Toxic towns – Remember Kalush?September 20, 2011
Well dear readers, do you remember me writing about Kalush almost two years ago?
It was indeed when I was writing in a somewhat more “folksy” style which reading it now, I am certainly not that good at. Fortunately I have an audience who seem to be very forgiving and far more interested in content rather than form.
Anyway, Kalush and the toxic man-made nightmare so ably raised to public attention by then-President Yushenko during his last week in office, has not been forgotten. At least it has not been forgotten as far the the citizens of Kalush are concerned or indeed President Yushenko’s successor or the new administration.
20.9 tonnes of hexachlorobenzene have actually been removed a few days ago and by now will have been moved by road to a disposal site in Poland. A total of 7500 tonnes of this monstrous material is due to be removed this year, all headed for Poland. Last year a total of 8500 tonnes made its way to the UK for disposal.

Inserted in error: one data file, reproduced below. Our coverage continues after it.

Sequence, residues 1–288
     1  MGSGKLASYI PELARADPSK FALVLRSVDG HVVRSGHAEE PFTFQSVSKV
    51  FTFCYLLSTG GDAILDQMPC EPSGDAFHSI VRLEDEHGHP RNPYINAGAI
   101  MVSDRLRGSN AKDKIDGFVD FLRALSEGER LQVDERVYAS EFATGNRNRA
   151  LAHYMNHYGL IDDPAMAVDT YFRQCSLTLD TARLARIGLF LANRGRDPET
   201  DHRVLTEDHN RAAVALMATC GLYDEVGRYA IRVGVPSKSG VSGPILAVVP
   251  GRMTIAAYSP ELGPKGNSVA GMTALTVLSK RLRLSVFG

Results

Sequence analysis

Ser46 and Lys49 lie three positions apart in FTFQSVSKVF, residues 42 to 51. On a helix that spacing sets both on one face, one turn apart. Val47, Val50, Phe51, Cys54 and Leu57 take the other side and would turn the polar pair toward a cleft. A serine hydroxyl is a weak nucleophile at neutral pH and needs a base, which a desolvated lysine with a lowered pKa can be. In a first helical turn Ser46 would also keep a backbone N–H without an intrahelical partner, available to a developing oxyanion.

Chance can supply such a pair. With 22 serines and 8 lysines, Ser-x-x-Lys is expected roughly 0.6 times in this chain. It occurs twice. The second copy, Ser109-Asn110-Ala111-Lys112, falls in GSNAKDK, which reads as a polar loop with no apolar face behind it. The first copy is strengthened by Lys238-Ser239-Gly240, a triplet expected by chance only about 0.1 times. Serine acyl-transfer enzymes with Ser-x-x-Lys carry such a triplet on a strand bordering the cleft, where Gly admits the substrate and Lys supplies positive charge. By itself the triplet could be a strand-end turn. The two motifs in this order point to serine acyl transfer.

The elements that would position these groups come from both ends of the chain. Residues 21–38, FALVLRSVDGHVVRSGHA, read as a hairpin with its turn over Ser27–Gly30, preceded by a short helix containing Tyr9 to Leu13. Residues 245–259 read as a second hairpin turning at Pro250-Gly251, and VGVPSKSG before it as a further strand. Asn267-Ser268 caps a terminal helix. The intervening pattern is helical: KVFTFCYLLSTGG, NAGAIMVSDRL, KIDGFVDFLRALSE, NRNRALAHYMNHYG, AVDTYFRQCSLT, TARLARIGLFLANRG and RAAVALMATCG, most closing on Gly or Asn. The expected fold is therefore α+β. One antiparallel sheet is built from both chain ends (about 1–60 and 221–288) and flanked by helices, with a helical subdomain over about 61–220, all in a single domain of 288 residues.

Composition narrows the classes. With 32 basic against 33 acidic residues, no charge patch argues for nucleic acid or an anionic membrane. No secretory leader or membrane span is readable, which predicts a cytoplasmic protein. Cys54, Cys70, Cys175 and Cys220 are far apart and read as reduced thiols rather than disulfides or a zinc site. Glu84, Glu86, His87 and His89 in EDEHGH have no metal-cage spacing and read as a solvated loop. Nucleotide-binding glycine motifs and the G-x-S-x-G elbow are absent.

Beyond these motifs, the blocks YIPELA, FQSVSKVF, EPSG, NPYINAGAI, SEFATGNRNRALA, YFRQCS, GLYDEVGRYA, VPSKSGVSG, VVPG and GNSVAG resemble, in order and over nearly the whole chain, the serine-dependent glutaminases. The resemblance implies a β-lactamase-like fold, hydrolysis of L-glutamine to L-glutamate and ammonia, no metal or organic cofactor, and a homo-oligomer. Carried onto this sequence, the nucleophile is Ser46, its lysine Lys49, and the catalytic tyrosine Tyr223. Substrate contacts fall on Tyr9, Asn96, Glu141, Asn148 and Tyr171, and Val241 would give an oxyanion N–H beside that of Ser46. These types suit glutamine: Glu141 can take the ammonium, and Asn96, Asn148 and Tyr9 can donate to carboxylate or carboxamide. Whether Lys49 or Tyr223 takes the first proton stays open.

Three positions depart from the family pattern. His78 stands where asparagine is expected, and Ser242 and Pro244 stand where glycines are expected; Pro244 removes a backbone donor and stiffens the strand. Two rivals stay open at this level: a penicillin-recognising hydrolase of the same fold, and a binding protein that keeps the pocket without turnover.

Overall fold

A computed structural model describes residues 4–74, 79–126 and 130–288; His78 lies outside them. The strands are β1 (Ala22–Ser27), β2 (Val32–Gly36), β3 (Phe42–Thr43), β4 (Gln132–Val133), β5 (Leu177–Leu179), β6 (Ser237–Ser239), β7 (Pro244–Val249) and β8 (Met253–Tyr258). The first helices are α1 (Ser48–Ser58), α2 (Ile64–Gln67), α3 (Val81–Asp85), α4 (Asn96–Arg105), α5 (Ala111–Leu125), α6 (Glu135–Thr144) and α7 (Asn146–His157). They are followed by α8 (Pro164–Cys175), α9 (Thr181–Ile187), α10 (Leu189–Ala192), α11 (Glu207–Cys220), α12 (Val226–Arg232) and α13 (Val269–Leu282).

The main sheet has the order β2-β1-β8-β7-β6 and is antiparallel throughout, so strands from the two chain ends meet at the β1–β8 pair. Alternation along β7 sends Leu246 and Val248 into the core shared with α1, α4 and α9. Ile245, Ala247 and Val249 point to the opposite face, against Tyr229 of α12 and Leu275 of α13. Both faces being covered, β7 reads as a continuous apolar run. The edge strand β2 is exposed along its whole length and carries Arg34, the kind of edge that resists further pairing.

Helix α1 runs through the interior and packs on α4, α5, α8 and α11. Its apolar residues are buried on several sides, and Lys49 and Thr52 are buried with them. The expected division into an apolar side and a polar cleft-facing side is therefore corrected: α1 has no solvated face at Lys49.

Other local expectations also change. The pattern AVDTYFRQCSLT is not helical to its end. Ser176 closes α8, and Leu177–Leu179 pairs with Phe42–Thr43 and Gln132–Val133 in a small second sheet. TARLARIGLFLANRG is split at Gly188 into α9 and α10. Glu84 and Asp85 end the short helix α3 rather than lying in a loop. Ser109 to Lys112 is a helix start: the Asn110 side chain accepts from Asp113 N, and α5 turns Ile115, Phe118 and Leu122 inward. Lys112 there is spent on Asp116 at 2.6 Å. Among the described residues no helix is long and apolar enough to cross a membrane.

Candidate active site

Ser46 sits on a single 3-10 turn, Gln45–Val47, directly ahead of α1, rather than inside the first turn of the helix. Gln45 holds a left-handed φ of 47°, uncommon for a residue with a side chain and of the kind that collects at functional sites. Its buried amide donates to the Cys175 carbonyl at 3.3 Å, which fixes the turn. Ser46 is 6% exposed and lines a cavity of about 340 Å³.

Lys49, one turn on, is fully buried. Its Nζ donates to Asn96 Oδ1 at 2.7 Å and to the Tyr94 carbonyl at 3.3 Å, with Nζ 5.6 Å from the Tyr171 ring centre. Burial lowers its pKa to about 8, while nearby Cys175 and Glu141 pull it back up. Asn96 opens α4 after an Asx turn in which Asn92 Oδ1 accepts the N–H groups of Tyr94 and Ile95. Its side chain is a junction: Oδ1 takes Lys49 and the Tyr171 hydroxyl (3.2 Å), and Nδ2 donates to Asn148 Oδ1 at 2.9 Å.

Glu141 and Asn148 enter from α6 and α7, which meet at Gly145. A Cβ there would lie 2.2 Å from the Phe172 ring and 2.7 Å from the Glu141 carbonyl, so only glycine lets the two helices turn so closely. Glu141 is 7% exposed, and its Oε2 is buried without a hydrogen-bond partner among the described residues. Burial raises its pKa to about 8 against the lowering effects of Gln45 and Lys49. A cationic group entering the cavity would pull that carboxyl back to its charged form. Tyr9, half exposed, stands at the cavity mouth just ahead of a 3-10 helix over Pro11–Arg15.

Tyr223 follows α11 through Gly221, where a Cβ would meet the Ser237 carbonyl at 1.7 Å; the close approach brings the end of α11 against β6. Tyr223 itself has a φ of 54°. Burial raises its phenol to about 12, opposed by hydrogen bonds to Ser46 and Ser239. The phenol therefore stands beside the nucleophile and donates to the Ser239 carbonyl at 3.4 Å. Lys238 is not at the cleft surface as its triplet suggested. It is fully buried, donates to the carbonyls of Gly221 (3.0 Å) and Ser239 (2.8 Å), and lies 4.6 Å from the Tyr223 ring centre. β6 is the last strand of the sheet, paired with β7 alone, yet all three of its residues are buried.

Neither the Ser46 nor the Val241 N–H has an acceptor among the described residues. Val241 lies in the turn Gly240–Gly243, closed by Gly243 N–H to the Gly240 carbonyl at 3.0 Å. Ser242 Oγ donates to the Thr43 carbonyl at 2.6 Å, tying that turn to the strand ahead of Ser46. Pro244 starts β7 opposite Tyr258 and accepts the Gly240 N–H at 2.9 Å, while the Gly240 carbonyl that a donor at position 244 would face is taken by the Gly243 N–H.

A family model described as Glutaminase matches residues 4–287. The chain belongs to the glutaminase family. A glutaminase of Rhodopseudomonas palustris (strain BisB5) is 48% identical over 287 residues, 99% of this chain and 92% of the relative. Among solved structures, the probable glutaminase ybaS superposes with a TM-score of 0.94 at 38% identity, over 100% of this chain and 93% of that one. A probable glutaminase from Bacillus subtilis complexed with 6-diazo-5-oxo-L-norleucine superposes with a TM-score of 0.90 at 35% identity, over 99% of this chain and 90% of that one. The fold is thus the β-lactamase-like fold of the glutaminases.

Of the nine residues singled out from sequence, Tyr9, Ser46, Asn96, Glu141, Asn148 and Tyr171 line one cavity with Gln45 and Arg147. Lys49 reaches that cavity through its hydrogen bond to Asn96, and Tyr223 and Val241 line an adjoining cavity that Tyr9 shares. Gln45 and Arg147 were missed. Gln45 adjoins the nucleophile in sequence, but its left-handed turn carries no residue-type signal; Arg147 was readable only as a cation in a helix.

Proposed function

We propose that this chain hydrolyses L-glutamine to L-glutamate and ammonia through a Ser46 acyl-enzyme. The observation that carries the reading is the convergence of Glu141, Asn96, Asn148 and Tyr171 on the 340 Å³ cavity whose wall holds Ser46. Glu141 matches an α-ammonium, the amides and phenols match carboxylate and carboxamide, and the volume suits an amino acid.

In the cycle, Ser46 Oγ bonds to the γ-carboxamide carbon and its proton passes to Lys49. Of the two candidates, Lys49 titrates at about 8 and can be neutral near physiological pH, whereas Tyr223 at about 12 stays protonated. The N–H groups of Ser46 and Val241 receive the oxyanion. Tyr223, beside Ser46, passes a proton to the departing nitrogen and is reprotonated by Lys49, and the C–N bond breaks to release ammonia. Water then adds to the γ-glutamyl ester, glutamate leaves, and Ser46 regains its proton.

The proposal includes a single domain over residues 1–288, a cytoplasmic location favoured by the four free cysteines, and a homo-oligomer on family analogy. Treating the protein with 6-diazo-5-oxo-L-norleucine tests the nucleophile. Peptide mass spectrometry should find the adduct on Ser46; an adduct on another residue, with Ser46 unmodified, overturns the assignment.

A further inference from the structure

By the end of the year, the Ukrainian Environment Minister expects 60% of the hexachlorobenzene at Kalush to have been removed from Ukraine and by the end of next year, the entire 22,800 tonnes will have been disposed of outside Ukrainian borders.
Now I could question the cost effectiveness of external disposal as opposed to constructing a specialist facility to dispose of it within Ukraine, but certainly as far as Kalush is concerned, there is a finite amount of this toxic nasty to deal with and really given the inaction of dealing with it prior to and since independence, the fact it is being dealt with should be welcomed.
One still wonders however, given the amount of toxic nasties of various degrees of nastiness and quantity inherited from the Soviet era in Ukraine, whether an internal specialist disposal site would not have been a more cost effective strategy. Then again, who would welcome such a specialist site in their region? Are we seeing the rise of NYMBY’s in Ukraine or given the memory and legacy of Chernobyl, a very wise decision where risk management and external disposal outweighs the costs?
Whatever, it is pleasing to see the matter is eventually been addressed with action and not words.